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3. Learn to cook.

Eating real food has always been a priority for me. Since real food can be more expensive, learning how to cook well makes all the difference. I can make a cheaper cut of meat taste pretty good with the right cooking technique. I also bake all of our own bread and save a ton of money and get a much healthier product as a result. Also, using planned leftovers and the freezer helps keep us out of restaurants. At the beginning of each month, I share a monthly menu plan – complete with recipes and at least seven, 30 minute tasks to help you fill your freezer too. If you’d like to do more cooking but aren’t sure where to start, check it out!

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4. Ditch the discretionary spending like eating out, buying 20 ounce sodas at the gas station etc.

I’m sure I don’t have to tell you, but eating out is seriously expensive. To take my family of six out for a meal costs at least $50 – and that’s at a cheaper restaurant. Even buying sandwiches at Jimmy Johns or burritos at Chipolte sets us back quite a chunk of change. Instead of eating out, I try to recreate some of our favorite meals at home for pennies on the dollar. We  now save the restaurant meals for special occasions instead of eating out a lot like we used to do.

Likewise, those 20 ounce sodas that I used to buy almost every single day before I dropped soda altogether? What a waste. Not only a waste of money, but a huge shot of unhealthy crap in your body. Cutting out the 20 ounce soda habit saved me probably close to $400 a year ($1.50 x 5 x 52). There are a lot of things I would rather buy than soda with that $400!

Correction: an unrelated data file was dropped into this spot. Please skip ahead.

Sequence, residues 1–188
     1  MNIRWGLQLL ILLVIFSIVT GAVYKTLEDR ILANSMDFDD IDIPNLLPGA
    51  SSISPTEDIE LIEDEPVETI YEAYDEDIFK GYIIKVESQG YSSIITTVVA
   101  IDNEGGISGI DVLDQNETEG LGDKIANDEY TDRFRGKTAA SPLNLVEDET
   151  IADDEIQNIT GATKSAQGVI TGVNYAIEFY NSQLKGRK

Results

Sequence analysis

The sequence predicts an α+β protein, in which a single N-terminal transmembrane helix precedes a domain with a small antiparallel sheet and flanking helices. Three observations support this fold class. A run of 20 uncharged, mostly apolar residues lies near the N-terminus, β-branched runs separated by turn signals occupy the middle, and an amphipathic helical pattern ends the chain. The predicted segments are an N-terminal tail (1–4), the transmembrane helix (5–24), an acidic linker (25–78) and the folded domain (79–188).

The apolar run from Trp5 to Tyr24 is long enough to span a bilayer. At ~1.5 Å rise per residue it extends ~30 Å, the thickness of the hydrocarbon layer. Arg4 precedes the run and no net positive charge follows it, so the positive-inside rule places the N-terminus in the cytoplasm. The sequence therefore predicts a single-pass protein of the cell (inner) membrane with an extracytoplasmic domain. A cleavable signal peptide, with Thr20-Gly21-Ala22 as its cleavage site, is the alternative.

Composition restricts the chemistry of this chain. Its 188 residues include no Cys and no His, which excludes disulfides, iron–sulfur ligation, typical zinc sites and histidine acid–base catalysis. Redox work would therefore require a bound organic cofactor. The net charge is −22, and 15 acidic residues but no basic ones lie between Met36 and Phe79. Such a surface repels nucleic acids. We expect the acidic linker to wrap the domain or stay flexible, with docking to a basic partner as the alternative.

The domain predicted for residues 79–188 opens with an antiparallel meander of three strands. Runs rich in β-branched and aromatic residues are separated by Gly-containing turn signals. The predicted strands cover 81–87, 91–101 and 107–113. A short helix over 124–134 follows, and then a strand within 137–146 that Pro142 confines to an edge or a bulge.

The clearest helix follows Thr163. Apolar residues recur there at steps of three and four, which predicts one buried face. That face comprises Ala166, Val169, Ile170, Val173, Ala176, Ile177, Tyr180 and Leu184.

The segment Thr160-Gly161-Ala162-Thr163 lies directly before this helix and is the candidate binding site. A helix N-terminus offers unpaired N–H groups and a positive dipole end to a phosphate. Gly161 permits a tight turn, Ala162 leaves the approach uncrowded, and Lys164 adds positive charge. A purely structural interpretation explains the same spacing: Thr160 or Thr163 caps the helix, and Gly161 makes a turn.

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5. Shop second hand (Goodwill, Craigslist, Ebay etc).

I’m a big, huge fan of shopping second hand. Everything. Clothes, shoes, appliances, furniture, books, toys. We’re dressed most days almost entirely in almost brand new, name brand clothes that I find at Goodwill and Salvation Army {my kids used to call it Salavation Army – made me laugh}. Yard Sale season is my favorite! I can’t tell you all the great things we find second hand. And my husband is addicted to Craigslist. We purchased a tractor and a lot of home building equipment off Craigslist. Seriously. I can’t even imagine buying clothes and shoes and toys for myself or my kids directly from the store and paying full retail price. After shopping at Goodwill for so long, I sometimes find myself griping about $5 for a pair of used jeans! Dropping $65 for new jeans on most days is a foreign concept to me. Although, on occasion, I will admit that we also buy new clothes too. There’s a time and a place for everything, right?

While you are learning to protect your income, remember that one small change will make a difference. And if you’re like me, you’ll find that one small change leads to another small change and then another small change. The cumulative effect of all of those changes might surprise you!